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6 Mobile Design Principles You Should Know

When the user opens the program, it should be easy and quick to find the required content. This is the main principle based on which all section navigation should be built. There are certain mobile design principles, which are at the center of attention nowadays.

6 Mobile Design Principles You Should Know

Show the Value of Your App from the First Seconds

To engage users, provide the information they need directly on the first page and accompany it with clear enough calls to action. Indicate your main advantage. Place the text in a prominent place. This will generate strong interest from users.

Mobile Design Principles – Convenient and Simple Application Menu

It is difficult for users to navigate through the menu sections when it does not coincide with the accepted principles of categorization. Menu sections should have a clear marking. Their contents should not even overlap. This is especially important as people often only access menus after finding the information they need using the search tool.

The User Should Be Able to Go to the Previous Page

While interacting with the mobile application, the user may need to go back a step. Thus, the “Back” button should be on every page so that a person does not have to start all over again, going to the main page and losing all the information entered. Fine-grained navigation controls always help conversions. The screenshot below shows that the “Back” button is available only at the first stage of working with the application:

Mobile Design Principles – Add a Manual Positioning Option

Auto location always saves time. However, sometimes it is necessary, for example, to find a store that is located in another city. In this case, the person will need to select the location manually. Make sure to make this option convenient and easy to use. The app shown in the screenshot on the left cannot manually change the location, while the app on the right does.

Make the Transition from Your Application to the Browser Comfortable

The user can be very easily confused if the application suddenly “throws” him into the web browser. The truth is even worse when the layout and design of the elements on the website and in the application are very different from each other. It can be off-putting. Problems can also arise if the transition takes a very long time. Therefore, if a transition from an application to a web browser is necessary to solve user problems, make sure that the arrangement and design of the elements on the page are similar and so that this happens as quickly as possible.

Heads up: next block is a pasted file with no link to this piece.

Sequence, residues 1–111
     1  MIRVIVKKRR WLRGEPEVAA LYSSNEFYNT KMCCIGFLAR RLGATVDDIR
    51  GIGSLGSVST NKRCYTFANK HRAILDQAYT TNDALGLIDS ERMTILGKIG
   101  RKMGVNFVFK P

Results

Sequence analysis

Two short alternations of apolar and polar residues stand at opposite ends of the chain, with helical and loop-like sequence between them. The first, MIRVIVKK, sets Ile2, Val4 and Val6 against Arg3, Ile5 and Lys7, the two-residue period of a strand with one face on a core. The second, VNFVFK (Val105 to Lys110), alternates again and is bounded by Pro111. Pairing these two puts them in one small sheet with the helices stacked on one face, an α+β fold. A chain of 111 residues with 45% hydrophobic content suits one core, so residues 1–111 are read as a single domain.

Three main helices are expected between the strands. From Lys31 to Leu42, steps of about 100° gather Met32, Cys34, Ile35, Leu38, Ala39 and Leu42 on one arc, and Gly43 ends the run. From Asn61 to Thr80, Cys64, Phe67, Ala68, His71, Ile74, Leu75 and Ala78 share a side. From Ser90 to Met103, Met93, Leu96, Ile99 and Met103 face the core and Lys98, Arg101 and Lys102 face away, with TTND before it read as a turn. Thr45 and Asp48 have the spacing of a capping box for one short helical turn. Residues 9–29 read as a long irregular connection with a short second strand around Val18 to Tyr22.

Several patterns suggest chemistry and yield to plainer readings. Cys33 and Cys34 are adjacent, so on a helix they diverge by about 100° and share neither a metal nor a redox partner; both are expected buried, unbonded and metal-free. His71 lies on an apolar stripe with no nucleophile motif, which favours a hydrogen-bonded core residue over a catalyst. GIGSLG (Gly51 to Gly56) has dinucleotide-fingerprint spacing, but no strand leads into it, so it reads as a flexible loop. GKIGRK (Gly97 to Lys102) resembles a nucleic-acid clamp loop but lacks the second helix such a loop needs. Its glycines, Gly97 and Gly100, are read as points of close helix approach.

Mobile Design Principles – Users Should Immediately Recognize Elements

This refers to our ability to “recognize” familiar events or pieces of information, like in a dating app template. At the same time, remembering results in a greater “cognitive load” that involves extracting related details from memory. By showing users things they can recognize, you increase usability over having to remember items from scratch.

For example, using icons in an interface is powerful because it instantly recognizes a character. If a standard warning sign icon is displayed in a dialog box, it immediately prompts the user to pay attention. The next action can be destructive. But if the icon should make users remember and decipher its meaning – for example, raising a hand instead of a warning icon – this reduces efficiency and usability.

UX also has the concept of value vs. pain. It’s about how much investment the user is willing to invest in finding out where the icon is leading. Most people do not want to learn and memorize what an icon means in one application if many different applications are used every day—the best mobile design principles for icons. Always label them with text. Labeled icons ensure that meaning is conveyed quickly and easily and that they are consistently understood. The most popular apps of big brands do it.

Zoey Peregrine
Zoey is a skillful content manager and SEO copywriter. She is interested in digital marketing and also writes informative articles on web development. In her free time, she prefers reading and taking part in quests.
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